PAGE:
Tuesday, December 22, 2009
Specifically, Bear Stearns, CSFB, Goldman, Lehman, Merrill Lynch, Piper Jaffray, SSB and UBS Warburg issued research reports that were not based on principles of fair dealing and good faith and did not provide a sound basis for evaluating facts, contained exaggerated or unwarranted claims about the covered companies, and/or contained opinions for which there were no reasonable bases in violation of NYSE Rules 401, 472 and 476(a)(6), NASD Rules 2110 and 2210, as well as state ethics statutes. In other words, they screwed their clients intentionally and knowingly by putting the firms profits ahead of the clients best interest. Again, not to worry, they all agreed under the terms of the firm settlements that, 'an injunction will be entered against each of the firms, enjoining it from violating the statutes and rules that it is alleged to have violated'. Go ahead, its alright, read it again until it makes sense.
To clarify, they ALL did something- maybe or maybe not, they ALL paid a record fine, and ALL agreed that if they had done some things- that they will not do these things again.
In August of this year (2009), examiners at the Financial Industry Regulatory Authority, the industry self-regulatory body known as Finra, and the Securities and Exchange Commission announced they intend to ask Goldman for information regarding their weekly get-togethers-known as 'huddles'. The reason: Internal documents show that at times in these huddles, short-term trading tips differed from Goldman's long-term research. Critics complain that Goldman's distribution of the trading ideas to Goldman traders and major clients hurts other Goldman customers who aren't given the opportunity to trade on the information, and may be relying on the firm's longer-term research to make investment decisions. In addition, the trading tips go first to Goldman traders and then to clients, but Goldman says its traders aren't allowed to act on the tips until they have been relayed to clients. Yup, read it again, the Goldman trading desk gets access before EVERYONE! One regulator said that it might be worth looking at how Goldman polices the handling of this information. Ya think???
Securities laws require firms like Goldman to engage in "fair dealing with customers," and prohibit analysts from issuing opinions that are at odds with their true beliefs about a stock. Steven Strongin, Goldman's stock research chief, says no one gains an unfair advantage from its trading huddles, and that the short-term-trading ideas are not contrary to the longer-term stock forecasts in its written research.
Maybe he missed the meeting last April.
In April 2008, research-department employees at Goldman called about 50 favored clients of the big securities firm with the same tip, including hedge-fund companies Citadel Investment Group and SAC Capital Advisors, the documents indicate. The tip- buy Janus Capital Group. At the time, Goldman analyst Marc Irizarry had a neutral rating issued on Janus-a rating he would eventually raise to bullish almost one week later. When the vast majority of Goldman's clients, received Mr. Irizarry's research six days later- Janus shares had already jumped 5.8% because the 50 favored clients had access to the bullish insights a week earlier in a huddle.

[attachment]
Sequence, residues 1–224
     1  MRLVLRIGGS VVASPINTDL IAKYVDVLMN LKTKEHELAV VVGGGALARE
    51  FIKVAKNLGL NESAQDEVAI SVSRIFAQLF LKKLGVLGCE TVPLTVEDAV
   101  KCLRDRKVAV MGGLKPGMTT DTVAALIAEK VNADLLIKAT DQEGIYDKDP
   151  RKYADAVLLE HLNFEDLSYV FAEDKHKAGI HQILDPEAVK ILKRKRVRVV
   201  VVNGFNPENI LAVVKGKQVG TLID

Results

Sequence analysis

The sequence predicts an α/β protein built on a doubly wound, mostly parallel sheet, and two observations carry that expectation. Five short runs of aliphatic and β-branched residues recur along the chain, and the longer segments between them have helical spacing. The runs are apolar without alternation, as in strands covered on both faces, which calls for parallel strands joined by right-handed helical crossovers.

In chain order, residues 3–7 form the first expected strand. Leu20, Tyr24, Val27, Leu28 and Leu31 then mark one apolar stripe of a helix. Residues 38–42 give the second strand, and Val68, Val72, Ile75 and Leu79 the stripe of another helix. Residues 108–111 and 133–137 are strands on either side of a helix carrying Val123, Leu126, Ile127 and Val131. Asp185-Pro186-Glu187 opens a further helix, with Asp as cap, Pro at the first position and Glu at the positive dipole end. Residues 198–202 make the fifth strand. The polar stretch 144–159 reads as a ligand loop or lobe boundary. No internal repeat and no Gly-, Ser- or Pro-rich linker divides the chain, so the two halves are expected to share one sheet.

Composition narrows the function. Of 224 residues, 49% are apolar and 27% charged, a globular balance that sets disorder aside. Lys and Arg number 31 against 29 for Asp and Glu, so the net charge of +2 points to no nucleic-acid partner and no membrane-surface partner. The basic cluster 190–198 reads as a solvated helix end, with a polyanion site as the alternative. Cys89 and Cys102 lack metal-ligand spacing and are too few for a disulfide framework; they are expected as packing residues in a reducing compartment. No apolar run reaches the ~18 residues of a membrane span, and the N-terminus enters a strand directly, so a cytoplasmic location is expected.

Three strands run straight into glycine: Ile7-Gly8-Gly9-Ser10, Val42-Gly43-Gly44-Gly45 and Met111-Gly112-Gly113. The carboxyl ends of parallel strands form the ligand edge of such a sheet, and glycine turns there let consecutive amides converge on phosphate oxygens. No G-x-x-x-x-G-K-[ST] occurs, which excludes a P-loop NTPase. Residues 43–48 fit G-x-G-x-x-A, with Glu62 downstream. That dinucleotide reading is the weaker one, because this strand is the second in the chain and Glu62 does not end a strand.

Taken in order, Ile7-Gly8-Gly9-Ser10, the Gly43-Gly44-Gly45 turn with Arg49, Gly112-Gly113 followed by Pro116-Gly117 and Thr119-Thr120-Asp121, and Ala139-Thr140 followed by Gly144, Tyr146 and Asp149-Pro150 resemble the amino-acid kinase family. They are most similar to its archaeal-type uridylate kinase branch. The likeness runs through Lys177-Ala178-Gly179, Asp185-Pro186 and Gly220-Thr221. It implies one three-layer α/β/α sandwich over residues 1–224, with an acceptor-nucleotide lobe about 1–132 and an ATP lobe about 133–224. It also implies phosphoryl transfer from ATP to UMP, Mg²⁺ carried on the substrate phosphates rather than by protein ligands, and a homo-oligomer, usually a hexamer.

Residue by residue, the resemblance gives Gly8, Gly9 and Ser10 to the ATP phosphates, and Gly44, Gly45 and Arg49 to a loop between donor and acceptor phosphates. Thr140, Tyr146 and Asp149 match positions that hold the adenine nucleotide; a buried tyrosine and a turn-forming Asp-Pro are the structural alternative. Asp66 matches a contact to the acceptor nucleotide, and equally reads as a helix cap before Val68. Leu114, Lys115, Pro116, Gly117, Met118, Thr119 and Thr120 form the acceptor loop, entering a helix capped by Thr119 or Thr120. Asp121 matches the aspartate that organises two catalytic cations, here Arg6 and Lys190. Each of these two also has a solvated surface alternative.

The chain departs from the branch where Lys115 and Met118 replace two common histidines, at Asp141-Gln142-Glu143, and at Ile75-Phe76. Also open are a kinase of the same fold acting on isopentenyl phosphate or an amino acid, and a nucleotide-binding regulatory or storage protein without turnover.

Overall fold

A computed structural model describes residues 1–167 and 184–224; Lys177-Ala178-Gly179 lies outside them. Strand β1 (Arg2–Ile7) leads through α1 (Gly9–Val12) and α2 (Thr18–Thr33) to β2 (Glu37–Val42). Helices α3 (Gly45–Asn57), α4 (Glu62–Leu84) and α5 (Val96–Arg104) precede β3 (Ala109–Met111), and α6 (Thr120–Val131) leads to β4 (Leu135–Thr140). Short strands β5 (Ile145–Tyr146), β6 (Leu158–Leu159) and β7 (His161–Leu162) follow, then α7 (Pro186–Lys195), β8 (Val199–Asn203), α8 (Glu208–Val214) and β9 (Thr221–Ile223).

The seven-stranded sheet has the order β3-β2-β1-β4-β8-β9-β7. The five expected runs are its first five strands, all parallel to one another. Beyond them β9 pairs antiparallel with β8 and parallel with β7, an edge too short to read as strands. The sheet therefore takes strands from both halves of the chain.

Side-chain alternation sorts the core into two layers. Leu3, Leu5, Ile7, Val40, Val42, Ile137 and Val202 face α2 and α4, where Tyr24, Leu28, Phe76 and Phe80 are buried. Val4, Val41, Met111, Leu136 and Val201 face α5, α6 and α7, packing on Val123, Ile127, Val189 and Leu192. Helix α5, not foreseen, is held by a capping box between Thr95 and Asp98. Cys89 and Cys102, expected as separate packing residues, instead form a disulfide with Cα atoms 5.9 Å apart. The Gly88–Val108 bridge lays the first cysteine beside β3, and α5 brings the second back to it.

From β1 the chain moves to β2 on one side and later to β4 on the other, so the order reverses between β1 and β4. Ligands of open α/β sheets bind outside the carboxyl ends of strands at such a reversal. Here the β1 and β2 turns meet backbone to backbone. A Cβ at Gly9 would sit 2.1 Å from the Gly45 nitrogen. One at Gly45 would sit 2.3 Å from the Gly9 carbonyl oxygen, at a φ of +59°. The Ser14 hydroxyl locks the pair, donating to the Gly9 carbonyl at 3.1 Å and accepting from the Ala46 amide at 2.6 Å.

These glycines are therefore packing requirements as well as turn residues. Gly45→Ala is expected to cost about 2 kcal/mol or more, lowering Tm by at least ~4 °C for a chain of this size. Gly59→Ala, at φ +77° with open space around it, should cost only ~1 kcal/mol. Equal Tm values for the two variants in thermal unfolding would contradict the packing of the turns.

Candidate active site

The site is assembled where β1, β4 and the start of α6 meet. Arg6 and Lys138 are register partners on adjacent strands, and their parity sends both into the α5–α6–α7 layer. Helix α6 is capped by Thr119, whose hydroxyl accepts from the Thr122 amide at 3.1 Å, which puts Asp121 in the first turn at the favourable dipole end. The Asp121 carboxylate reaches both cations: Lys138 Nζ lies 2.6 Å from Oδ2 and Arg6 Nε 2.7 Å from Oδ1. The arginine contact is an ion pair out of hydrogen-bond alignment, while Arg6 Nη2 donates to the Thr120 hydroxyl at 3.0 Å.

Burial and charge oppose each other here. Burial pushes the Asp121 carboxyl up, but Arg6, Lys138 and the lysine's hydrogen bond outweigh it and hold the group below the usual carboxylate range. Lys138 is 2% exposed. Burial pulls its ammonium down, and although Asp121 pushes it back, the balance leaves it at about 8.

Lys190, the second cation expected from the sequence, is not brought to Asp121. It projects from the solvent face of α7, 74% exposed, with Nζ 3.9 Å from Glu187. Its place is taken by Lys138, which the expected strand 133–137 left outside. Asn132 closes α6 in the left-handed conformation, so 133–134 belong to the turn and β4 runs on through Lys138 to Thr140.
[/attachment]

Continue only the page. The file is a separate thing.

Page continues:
Recently, the Financial Industry Regulatory Authority, the industry's self-regulatory body, proposed new rules meant to clarify existing disclosure obligations under the rule requiring "fair dealing" with all clients. Did they include fines or censures for Goldman? No. Did they enact new rules to assure all Goldman's clients have the same access? No. Did they take steps limit the information flow to Goldman's trading department? No.
What action are they willing to take as the industry's self-regulatory body? According to FINRA, they have proposed and are strongly considering the following:
'Firms could issue contradictory ratings as long as clients were told that such inconsistencies were possible'.
Yup, read it again.
Wednesday, November 25, 2009
The capital markets in the United States provide many exchanges for public and even private trade. As a company grows they have the ability to utilize these markets. In order for a company to grow, they must be funded. As we are discussing companies that are small by nature whether a company is self- funded or funded by an investor it relies on this capital heavily- as typically small companies lack the cash flow necessary to operate week to week or month to month- investment is critical to survival.
It is a fact that roughly half the capital invested in the PIPE’s market was requested for redemption during the crisis. Billions upon billions of dollars had flowed into the PIPE’s space from 2001-2006, literally half of it was being requested back at the same exact time. This is the same capital that was being utilized to fund nano and micro cap companies that relied upon the investment funding to survive. At the time, with the credit markets frozen and absolutely no inflows of new capital, yet massive net redemptions the issue becomes obvious- how will all these companies operate on half as much investment? The answer is as obvious, they cannot. The numbers simply don’t work.
The choices are extremely difficult for a fund manager amidst financial crisis. For most of us financial crisis is realizing we bounced a check, can’t afford the cable bill or we wonder- ‘how will we pay for our children’s college?’ During this crisis managers all over the world were put in the position of asking themselves “hard questions.” Many of these questions had no answers. Many of these questions were answered in theory and conjecture as are typically the only way to answer questions regarding uncharted territory.